Search results. Google isn’t like that. And they’re probably going to be more aggressive, um, on that type of content. And so I think if if you’re if you know you’re producing content, you’d be happy to send to your family to help them with that question, whatever the question is, then whatever capacity you can publish that you’re probably safe.

And if you’re on the other camp of trying to identify the right frequency to publish content so that you don’t trigger any alarms. I think that’s going to be, that’s hard to know right now. And, and likely DR related. 

Jared: There’s also stories of people getting manual actions. You had a very limited amount of AI content on their site.

And I’ll say that there’s enough of them going around that it seems like there are other factors, maybe in a minority of sites came to play. Um, any thoughts on what the other factors could have been for Sites that got manual actions that maybe we’re using. I’ve heard of a hybrid of AI and, um, uh, uh, uh, written content, um, or a very low amount of, of AI content, you know, um, under a thousand in, in, in some cases.

You know, any theories around that that your study might have found or just in, in, in general for 

John: you? Yeah, so we’re, we’re trying it. So we, we looked at, we looked at the publicly identified sites that had been identified at the time that we did that to share the findings. And 100 percent of those sites had some AI generated content.

The quantity of sites that we were able to look at with that study was only 14. And so we’re now doing a much more in depth study, looking at 200 sites and at least 200 sites and several hundred articles off of those sites to try and Identify some more, get some more detail. I think Google, um, I don’t know enough right now about what the other factors are, other than to say that I’m sure there would be collateral damage.

Would they get it? Has Google ever gotten an update? Perfect. And then that answer is no. There’s always going to be collateral damage. Um, and If they had done, you know, I don’t know how Google would sample the sites, and I don’t know how what Google would look at, but let’s say they were using some love, some amount of a detection.

Are they going to expand resources across all the sites or across all the content on the site? Are they going to look at a sampling of the more traffic articles and say, yep, these are light. We suspect these to be a I hits a bunch of other triggers. Significant amount of ad placement was, was another one that we saw that a lot of these sites, again, potentially problem with our sample size because we were looking at sites based off of the ad platforms that they were on.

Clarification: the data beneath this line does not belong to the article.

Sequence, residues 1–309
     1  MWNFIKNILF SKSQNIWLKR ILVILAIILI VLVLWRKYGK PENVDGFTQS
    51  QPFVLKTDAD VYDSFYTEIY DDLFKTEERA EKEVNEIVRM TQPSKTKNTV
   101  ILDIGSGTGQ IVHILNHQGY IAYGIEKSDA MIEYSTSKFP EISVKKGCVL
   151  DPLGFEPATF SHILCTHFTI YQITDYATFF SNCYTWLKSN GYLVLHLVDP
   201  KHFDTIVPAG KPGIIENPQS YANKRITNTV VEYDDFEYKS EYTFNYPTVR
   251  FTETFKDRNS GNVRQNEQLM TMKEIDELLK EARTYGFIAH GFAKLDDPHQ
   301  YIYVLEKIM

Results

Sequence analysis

Um, but we saw a lot of sites that had a very aggressive use of, of AI that we, they, it was obvious that that site cared about that site for how much money it could put in their pocket, not the user. 

Jared: Right. Yep. And that’s been correlated with other studies that I know Cyrus Shepard did a study with. Of Google’s, you know, algorithmic updates in 2023 and found a high percentage of a high correlation of negative, uh, negativity to the review or to the update as it related to add density and stuff, but certainly with the manual action, that’s a far different thing.

And that kind of brings me to my, I think my last question on, on, on this specific topic, but Spencer posed it, um, uh, a bit, a bit ago. And so I’m curious to get your take on it, especially as it relates to someone who’s running an AI detection software, like why. Does Google need to send manual actions out when they’re releasing a spam update that’s supposed to remove 40 percent of all spam from the internet?

You would think that these mass purposed or mass created article, uh, websites with, with tons and tons of articles would fall easily into that spam filter that they’re releasing right now. So why the manual actions? 

John: Yeah, I don’t know. I think, I hope we’ll find out eventually. Um, I buy into that this is a bit of a psyops, um, in terms of like, they’re trying to send a message.

Um, I think, I think I believe that. It adds up, right? It adds up. They’ve done this before. You know, Spencer’s been on the, on the receiving end of sort of like when they attack PBNs of people that publicly use them. And, and, Um, I think there’s a component of this where they attempted to, you know, potentially attack sites that of people that publicly talk about how they use a I to build their sites.

Um, where those sites just happen to be connected to the rest, potentially, but I think I think it’s the fact that it’s a manual action. The fact that they communicated, you know, to blog posts about how big these updates are going to be, and then at the exact same time, rolled out the manual action on the day of the launch.